Perhaps the most important issue to an emerging practice is gaining clients. In this post, I'd like to discuss some thoughts pertaining to this and get your feedback. Here's the scene.

A prospective client enters your office for the first time. They take in the knickknacks on the bookshelf, the pictures on the wall and your credentials, wherever and however they may be displayed. The client has one purpose which is to see if they want to hire you. That's it. How do you begin? What do you say? Remember, you have only one chance to make a good impression and the first few minutes are crucial.

To understand how to proceed, you must understand the client. However, since you've just met, you probably don't know much about them. When you distill it down to the essence of human interaction, the primary issue is what does the client want to talk about more than anything else? Answer this correctly and you will hit the bullseye. The answer is that clients enjoys talking about themselves.

Of course, the degree to which they enjoy this will vary from person to person, but the answer is always the same. Moreover, as someone accumulates wealth, this can become even more pronounced due to the success they have attained. Here's the rub. Advisors are usually taught that displaying self-confidence is crucial—that the prospective client needs to see a confident assured advisor. Yes, they do; I wholeheartedly agree.

However, I would add that the client is completely uninterested in an advisor who is confident, self-assured, but likes to talk about himself or herself. Even a thorough discussion about the advisor’s company may not be the best way to begin.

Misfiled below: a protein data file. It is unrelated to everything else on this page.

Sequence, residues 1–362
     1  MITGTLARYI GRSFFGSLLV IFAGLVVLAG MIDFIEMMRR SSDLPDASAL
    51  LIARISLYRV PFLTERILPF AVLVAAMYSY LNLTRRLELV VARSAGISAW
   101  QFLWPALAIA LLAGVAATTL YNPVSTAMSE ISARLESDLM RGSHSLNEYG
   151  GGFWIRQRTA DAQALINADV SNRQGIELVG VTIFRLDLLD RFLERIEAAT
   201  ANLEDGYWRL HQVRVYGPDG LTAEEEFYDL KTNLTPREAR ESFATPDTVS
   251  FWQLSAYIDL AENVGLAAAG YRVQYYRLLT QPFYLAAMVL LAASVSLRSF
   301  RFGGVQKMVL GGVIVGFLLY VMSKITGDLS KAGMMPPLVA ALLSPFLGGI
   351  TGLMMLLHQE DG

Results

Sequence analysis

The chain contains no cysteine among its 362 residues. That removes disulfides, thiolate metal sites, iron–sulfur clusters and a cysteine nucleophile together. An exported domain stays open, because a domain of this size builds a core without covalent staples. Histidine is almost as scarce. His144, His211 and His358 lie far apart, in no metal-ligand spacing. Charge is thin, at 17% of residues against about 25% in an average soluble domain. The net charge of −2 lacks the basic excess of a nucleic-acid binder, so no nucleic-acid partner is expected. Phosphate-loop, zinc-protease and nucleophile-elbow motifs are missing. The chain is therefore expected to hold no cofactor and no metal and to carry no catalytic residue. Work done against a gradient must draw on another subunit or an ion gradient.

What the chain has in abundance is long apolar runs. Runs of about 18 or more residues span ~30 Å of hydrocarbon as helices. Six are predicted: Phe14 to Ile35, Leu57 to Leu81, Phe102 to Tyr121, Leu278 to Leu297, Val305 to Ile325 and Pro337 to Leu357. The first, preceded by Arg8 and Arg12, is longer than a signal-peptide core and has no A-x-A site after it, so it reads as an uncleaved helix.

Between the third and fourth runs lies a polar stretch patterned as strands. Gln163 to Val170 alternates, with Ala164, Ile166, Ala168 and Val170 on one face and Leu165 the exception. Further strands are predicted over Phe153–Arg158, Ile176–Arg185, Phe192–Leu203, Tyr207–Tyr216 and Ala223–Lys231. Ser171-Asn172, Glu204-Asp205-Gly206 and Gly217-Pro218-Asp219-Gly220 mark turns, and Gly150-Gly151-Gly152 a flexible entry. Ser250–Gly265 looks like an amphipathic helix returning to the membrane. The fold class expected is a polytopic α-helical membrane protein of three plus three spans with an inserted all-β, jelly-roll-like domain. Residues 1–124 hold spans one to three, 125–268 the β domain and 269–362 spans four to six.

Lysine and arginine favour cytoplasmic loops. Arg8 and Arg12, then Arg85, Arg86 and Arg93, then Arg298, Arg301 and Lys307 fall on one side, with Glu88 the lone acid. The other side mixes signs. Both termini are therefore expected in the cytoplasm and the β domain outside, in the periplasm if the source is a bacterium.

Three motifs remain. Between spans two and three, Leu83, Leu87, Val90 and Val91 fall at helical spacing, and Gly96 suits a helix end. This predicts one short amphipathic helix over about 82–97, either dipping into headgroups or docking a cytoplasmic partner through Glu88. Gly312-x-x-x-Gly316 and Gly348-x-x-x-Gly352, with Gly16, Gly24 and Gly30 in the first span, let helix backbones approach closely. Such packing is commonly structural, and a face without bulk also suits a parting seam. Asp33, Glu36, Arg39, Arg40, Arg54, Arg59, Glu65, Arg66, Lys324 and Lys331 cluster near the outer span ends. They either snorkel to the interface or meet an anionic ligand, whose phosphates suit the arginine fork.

Step One: Break the Ice

To begin, you must break the ice. How much time should be spent here? It depends on the amount of ice you perceive. Find some common ground. Talk about their successes. Talk about their family, especially if the wife is present (don't ignore the motherly bond with her children).

Step Two: Determine the Fit

After some chit-chat, it's time to move on. This is a very important step. There are probably several methods which could be applied here, but I prefer the questionnaire approach. In other words, I like to have the client answer a series of questions verbally or on paper. These questions center on what I offer and allows the client to look at each item and rank them in terms of their priority. For example, I help clients determine their probability of running out of money. If they give this a high ranking, then I know that what I offer is what they seek. This is only one question, and there are many, but hopefully the point is clear.

How do you approach this in your practice? 

Thanks for reading and have a great week!